- Phyloinformatics data are increasingly being typed and semantically "tagged" using ontologies. For example, see the PhyloDB model of BioSQL, and the EvoInformatics General Ontology group. As more documents and datasets are submitted to digital archives, standard "ontology services" for lookup of vocabularies, terms, and hierarchical relationships, as well as structured navigation, become increasingly important. Ontology services may be used by disciplines ranging from bioinformatics to digital library and information sciences. Although ontologies provide better organization and discovery than simple tagging systems, it is currently too difficult for individual users to apply ontology terms to their digital objects. A flexible system for applying ontologies will improve scientific data (and document) repositories as well as general-purpose repositories that currently rely on tagging systems.
- The LexGrid framework and BioPortal interface will form the core of this project. The student will create an interface that allows users to submit a text document (e.g., as extracted from the digital object) to LexGrid, browse the relevant ontologies for term matches and the sections they are in, and select terms to be applied as annotation to the digital object.
- LexGrid is a relatively large project, and it will take some time to become accustomed with the codebase. A system must be developed for browsing multiple ontologies on a single web page, allowing users to select between similar terms with minimal effort.
- Involved toolkits or projects
- The LexGrid framework, using the LexBIG and BioPortal source packages, will form the core of the service. Some features of the Ontology Lookup Service may be useful for creating the browsing interface.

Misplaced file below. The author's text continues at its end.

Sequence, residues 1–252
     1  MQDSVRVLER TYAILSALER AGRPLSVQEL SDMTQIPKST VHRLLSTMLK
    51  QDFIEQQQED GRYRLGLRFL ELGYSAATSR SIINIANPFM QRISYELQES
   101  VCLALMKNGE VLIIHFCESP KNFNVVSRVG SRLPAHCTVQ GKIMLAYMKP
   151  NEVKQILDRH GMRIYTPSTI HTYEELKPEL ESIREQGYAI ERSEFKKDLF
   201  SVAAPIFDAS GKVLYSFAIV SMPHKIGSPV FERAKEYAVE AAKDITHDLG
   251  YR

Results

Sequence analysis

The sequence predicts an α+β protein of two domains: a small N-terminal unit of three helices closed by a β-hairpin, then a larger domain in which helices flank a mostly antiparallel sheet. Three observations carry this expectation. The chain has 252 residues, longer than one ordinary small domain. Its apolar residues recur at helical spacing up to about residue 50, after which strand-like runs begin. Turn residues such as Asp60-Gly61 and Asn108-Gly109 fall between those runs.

- Ryan Scherle, Daniel Rubin
The PLoS One article "Inflated Impact Factors? The True Impact of Evolutionary Papers in Non-Evolutionary Journals" by Erik Postma in its method section describes how the author identified evolutionary biology papers by a keyword list that he came up with himself using a body of (true positive) papers.
(from Brian O'Meara) Is there any sort of controlled vocabulary for any of the entries? Taxonomic names, place names, etc.? This may make the most sense in temporal coverage: Cretaceous? 20-60 MYA? June 4, 2007 to July 5, 2008? There are a limited number of options, but it will be hard for other people to use this metadata unless it's standardized (someone looking up info on datasets on the Eocene would have to include the Eocene, any names of smaller periods within it, some sort of text search on years (finding studies that say "54 MY to 40 MY", "about 45 million years ago", "from 53,000,000 to 50,000,000 years ago", etc.) -- much easier if dates are internally converted to some representation of years, months, days, perhaps even shorter intervals (since some studies might cover extremely short durations). You could get into similar issues for places -- people interested in Eastern North America would be interested in data sets tagged just with "North Carolina" or "Durham", but they're not going to be able to search for every place name within Eastern North America on Dryad. You could georeference the boundaries, or, less helpful but still pretty useful, the center of each entry (in addition to storing the entered lat-lon, if provided) and then allow searches over a set of georeferenced points rather than over a large amount of full text.